Jaw pain can indicate a dental issue such as a toothache, TMJ Disorder, or perhaps a more serious condition. In this post, our Duncan dentists explain possible causes of jaw pain and what to do with those sore joints.
What causes jaw pain?
Jaw pain can indicate a dental issue such as a toothache, TMJ Disorder, or perhaps a more serious condition.
One of the most common causes of jaw pain is TMJ Disorder. The temporomandibular joint connects your jaw to the temporal bones of your skull (located just below your temple, in front of your ear). This hinge plays a large role in your everyday life, allowing you to talk, breathe and eat.
TMJ Disorders occur when there is an issue with your facial and jaw muscles. If the disorder advances to a severe state after you start to experience pain in this area, you may eventually be unable to move the joint.
Causes of TMJ Disorders can include:
- Certain conditions or illnesses such as arthritis
- Inflammation in the muscles surrounding your jaw
- Misalignment of the jaw
- Injury to the jaw
Symptoms of TMJ Disorder may include:
- Pain or ache around your jaw, face or ears
- Constant headaches
- Locking or popping in your jaw
- Vision problems
- Ringing in ears
If you suspect a problem with your TMJ, see your dentist so he or she can recommend treatment or exercises. Sometimes, prescription drugs or surgery may be required to address the issue.
Though we take many routine vaccines in childhood that have fortunately gotten rid of diseases, it’s still possible to get diseases that can cause jaw pain and other symptoms.
Tetanus is a bacterial infection that can cause your jaw muscles to stiffen or feel tight. This serious condition can result in spending weeks in hospital.
Just like other bones in your body, your jaw can become fractured or dislocated. After taking a blow to the jaw, you may experience:
- Loose or missing teeth
Depending on the injury, you may need to see your dentist if the pain doesn’t go away, you are missing teeth or you’re unable to chew or open and close your mouth. Over-the-counter pain medication such as ibuprofen may help, in addition to dental treatment if necessary.
A variety of dental issues can lead to a sore jaw. These can include:
- Fractured or crowded teeth
- Toothache (typically with an abscess or cavity as the underlying cause)
- Teeth grinding
- Gum disease (which can cause your jaw bone to become damaged)
- Wisdom teeth erupting
- Misaligned teeth
These problems should be addressed as soon as possible, and fractured teeth are dental emergencies, so you should see your dentist right away. Until then, keep the tooth that hurts clean and try rinsing with warm water.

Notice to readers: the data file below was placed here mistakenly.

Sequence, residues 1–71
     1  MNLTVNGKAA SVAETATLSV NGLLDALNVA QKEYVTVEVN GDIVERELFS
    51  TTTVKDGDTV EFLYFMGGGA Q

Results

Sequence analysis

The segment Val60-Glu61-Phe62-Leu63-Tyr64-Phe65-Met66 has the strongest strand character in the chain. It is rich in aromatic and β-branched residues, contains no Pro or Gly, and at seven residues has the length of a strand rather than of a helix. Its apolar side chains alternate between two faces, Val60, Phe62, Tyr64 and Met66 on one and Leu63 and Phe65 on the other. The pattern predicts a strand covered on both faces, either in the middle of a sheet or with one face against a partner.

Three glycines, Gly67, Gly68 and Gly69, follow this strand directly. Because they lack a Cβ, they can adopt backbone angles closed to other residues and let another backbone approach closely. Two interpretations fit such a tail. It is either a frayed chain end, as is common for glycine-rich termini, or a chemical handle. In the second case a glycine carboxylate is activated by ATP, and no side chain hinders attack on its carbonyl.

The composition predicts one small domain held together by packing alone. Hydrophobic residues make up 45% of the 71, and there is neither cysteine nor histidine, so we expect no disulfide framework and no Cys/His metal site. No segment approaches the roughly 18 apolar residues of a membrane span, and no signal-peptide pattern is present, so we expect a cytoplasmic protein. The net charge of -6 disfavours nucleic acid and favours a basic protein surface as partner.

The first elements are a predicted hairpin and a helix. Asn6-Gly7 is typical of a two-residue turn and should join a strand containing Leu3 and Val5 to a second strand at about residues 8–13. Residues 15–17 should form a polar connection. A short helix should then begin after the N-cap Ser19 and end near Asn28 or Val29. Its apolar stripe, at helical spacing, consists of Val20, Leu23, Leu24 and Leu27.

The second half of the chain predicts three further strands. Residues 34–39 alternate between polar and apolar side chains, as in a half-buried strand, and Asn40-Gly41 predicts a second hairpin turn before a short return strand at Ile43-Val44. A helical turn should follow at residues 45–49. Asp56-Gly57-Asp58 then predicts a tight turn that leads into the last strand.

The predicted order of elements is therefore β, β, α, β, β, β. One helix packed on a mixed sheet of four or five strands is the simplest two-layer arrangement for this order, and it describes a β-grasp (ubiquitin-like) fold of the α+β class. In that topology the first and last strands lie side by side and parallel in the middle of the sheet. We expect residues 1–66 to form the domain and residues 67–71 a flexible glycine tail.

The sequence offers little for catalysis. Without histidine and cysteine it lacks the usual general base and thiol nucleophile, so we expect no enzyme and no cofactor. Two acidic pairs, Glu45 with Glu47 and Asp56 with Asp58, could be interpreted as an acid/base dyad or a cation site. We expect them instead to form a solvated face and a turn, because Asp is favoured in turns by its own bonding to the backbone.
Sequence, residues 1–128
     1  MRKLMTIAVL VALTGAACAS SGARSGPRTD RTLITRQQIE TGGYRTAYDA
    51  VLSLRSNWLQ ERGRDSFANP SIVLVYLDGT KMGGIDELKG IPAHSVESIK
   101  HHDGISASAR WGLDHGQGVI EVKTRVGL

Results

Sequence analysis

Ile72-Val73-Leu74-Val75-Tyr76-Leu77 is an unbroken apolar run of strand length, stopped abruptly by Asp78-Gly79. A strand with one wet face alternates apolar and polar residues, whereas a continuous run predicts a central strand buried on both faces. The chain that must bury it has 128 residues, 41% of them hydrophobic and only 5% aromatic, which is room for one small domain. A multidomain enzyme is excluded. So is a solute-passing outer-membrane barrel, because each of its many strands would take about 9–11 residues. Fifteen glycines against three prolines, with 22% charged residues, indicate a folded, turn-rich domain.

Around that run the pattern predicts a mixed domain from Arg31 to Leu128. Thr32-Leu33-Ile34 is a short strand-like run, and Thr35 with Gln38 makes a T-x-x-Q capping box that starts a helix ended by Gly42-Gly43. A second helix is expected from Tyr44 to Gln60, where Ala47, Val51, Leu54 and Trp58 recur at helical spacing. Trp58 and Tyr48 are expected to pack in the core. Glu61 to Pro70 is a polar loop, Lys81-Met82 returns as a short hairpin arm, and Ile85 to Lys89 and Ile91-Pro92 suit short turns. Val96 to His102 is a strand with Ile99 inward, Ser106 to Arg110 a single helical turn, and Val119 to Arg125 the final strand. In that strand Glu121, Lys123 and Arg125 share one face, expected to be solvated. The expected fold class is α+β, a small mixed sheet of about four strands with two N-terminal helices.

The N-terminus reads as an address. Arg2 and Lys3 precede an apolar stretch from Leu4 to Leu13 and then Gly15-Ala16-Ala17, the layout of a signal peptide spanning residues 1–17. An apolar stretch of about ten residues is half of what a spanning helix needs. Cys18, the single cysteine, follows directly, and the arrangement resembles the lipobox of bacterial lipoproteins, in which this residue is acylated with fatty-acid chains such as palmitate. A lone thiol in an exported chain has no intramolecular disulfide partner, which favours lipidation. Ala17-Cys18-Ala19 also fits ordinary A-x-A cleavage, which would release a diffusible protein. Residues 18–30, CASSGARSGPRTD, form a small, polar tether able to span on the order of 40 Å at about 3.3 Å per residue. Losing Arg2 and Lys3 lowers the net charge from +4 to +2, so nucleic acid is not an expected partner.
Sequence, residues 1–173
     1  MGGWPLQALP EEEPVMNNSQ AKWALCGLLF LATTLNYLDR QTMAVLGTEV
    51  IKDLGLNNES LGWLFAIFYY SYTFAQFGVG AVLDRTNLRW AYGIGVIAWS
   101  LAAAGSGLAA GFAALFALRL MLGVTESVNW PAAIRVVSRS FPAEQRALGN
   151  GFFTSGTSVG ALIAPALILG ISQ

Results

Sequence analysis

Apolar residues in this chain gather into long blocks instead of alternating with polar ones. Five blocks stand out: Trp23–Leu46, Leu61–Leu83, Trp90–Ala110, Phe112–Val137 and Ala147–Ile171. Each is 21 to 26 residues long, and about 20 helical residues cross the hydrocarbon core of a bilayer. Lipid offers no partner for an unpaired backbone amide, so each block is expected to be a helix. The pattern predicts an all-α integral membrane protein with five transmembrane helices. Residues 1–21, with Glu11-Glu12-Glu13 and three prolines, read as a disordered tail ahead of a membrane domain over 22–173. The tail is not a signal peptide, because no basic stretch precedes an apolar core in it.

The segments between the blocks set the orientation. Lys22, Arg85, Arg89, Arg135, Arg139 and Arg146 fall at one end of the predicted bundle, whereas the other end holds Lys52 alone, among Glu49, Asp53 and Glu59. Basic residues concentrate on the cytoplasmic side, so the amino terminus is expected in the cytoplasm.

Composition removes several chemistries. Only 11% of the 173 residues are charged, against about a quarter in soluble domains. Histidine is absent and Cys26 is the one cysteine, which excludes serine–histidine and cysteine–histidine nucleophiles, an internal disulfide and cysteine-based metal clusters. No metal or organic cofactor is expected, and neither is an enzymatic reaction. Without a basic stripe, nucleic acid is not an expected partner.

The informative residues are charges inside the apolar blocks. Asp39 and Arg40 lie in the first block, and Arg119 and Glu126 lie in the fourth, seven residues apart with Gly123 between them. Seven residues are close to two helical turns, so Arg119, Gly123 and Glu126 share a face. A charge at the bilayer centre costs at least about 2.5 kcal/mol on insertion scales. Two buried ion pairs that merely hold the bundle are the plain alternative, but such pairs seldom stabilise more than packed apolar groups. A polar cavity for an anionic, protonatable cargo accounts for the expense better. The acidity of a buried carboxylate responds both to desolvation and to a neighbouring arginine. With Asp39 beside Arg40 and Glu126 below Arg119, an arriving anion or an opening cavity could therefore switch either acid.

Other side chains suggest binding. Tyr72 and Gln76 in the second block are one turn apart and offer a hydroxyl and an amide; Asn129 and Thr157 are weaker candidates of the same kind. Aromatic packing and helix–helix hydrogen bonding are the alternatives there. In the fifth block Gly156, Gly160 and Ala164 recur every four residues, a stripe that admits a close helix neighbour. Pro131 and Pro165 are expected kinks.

Cysts or Tumors
Not typically cancerous, odontogenic cysts or tumors can quickly begin to impact your teeth. Surgery may be required to remove them.
One of the most painful types of headache, cluster headaches can result in pain around or behind one eye, with pain radiating to reach the jaw.
A type of infection that occurs in the bone, this condition can impact your mandible (lower jaw). Referred to as anaerobic osteomyelitis, it can cut off blood supply to your jaw and damage bone tissue if left untreated.
How can I get rid of jaw pain?
- Apply a warm, wet washcloth or ice pack covered in cloth to your jaw (10 minutes on, 10 minutes off)
- Take over-the-counter pain relievers such as acetaminophen and ibuprofen.
- Rub the affected joint. Massage the joint using your fingers, pressing the sore areas of your jaw and moving to the side of your neck.
- Avoid caffeine (which can potentially contribute to muscle tension)
If your jaw pain persists after at-home remedies, make an appointment with your dentist.
At Hilltop Dental Dr. Eric Meiner & Associates, our dentists will discuss your symptoms with you, complete a comprehensive oral examination, explain possible treatment options, and develop a custom treatment plan that may include a mouthguard or other measures depending on your needs.
In rare cases, oral surgery for TMJ Disorder may be recommended to correct the problem for those with severe pain that suffer from structural problems in their jaw and haven’t found relief with other remedies or treatments.